Environment & Science

Pasadena declares water shortage: What are the restrictions now?

File photo: A sprinkler sprays water on a lawn at Golden Gate Park on January 29, 2014 in San Francisco, California.
File photo: A sprinkler sprays water on a lawn at Golden Gate Park on January 29, 2014 in San Francisco, California.
Justin Sullivan/Getty Images

Poll: What do you think of the new restrictions?

The Pasadena City Council declared a water shortage on Monday night, unanimously approving new restrictions aimed at reducing water use by 20 percent compared to 2013 levels.

The council determined that the city has entered "Water Shortage Level 1," activating a plan that limits the number of days residents can water their lawns to three and reduces the amount of time allowed to fix leaks to 72 hours. Normally residents have up to seven days after being notified by Pasadena Water and Power to repair any leaks.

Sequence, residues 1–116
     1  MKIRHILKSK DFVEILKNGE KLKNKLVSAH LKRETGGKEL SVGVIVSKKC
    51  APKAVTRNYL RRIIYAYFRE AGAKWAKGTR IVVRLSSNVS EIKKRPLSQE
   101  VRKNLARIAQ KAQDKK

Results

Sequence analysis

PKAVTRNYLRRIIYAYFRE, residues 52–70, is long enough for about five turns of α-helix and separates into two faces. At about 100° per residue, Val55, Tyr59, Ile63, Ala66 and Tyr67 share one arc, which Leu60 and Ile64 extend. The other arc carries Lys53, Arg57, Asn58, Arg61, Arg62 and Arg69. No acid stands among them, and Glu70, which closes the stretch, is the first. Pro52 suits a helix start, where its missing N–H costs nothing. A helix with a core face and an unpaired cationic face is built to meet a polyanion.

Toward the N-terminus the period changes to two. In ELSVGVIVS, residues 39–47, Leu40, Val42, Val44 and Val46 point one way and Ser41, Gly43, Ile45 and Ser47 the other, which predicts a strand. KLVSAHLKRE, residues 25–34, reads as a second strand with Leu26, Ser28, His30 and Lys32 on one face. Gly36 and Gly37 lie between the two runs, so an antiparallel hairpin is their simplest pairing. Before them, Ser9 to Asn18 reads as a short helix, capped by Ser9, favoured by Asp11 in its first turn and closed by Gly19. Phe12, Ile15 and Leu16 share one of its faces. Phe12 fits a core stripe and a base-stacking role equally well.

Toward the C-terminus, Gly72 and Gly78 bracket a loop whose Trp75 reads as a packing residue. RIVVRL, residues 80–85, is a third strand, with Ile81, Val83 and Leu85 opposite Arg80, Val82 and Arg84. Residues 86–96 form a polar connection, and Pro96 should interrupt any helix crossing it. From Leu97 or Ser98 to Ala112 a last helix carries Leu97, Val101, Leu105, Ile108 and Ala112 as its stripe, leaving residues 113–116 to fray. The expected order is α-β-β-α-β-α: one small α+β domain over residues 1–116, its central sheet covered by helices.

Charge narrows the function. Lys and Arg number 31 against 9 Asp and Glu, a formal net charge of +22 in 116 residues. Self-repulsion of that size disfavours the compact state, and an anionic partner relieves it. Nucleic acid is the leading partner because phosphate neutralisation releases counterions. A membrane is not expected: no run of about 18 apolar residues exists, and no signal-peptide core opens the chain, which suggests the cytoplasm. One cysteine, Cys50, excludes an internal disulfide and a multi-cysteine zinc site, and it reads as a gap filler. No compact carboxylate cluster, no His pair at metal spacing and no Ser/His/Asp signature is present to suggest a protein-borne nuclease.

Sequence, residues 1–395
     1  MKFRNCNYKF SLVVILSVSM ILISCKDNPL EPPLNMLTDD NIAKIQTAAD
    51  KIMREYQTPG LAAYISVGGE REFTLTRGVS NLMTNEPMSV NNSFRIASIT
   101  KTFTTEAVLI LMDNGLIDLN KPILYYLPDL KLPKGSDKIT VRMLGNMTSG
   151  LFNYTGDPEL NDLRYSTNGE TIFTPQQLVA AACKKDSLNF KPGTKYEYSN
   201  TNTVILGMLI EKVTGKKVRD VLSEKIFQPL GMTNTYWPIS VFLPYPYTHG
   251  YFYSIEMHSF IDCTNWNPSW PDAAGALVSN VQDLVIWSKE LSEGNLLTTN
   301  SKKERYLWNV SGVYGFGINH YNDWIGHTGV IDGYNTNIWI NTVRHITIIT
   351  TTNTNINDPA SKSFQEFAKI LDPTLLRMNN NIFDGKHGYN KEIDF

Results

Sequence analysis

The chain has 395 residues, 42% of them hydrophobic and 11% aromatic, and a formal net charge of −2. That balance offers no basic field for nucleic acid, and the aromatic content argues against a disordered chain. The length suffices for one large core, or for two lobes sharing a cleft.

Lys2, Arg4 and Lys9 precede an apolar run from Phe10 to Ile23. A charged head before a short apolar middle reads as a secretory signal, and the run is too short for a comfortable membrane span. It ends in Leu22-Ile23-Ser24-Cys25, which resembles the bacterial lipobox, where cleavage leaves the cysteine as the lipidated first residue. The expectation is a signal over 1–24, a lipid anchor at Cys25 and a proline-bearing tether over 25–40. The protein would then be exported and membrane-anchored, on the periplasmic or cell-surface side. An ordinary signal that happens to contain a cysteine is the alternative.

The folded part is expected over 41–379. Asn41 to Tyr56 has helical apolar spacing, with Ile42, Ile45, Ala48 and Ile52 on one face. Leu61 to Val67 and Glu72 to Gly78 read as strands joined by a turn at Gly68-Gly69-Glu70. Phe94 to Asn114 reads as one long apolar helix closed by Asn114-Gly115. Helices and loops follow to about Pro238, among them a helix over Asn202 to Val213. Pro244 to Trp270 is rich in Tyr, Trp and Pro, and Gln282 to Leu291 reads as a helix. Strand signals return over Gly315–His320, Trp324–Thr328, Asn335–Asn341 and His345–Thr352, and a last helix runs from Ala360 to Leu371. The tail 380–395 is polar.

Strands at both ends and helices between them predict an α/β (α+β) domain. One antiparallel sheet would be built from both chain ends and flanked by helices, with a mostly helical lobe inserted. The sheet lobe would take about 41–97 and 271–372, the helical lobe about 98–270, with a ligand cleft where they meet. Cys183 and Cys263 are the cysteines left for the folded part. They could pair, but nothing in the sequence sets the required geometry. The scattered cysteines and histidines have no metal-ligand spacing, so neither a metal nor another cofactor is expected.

Residents who fail to comply with the new restrictions face incremental fines up to $500; businesses can be fined up to $1,000.

The water cops won't be out in force right away, though. Phyllis E. Currie, PWP's general manager, said the decision Monday needed to be made without delay, but that notices will be sent out to give residents a chance to adjust before the rules are fully enforced. And a first notice will only result in a written warning.

Even with the new restrictions in place, it could be difficult for the city to attain its goal of reducing water use by 20 percent, said Eric Klinkner, PWP's assistant general manager.

"The 2013 consumption was already in the neighborhood of 12 percent less than our peak, and close to less than 10 percent of our baseline, so really that would be something like 30 percent below baseline levels. And we're in a dry year where demands are higher," Klinkner said.

In addition to the new restrictions, the city of Pasadena has permanent water use restrictions:

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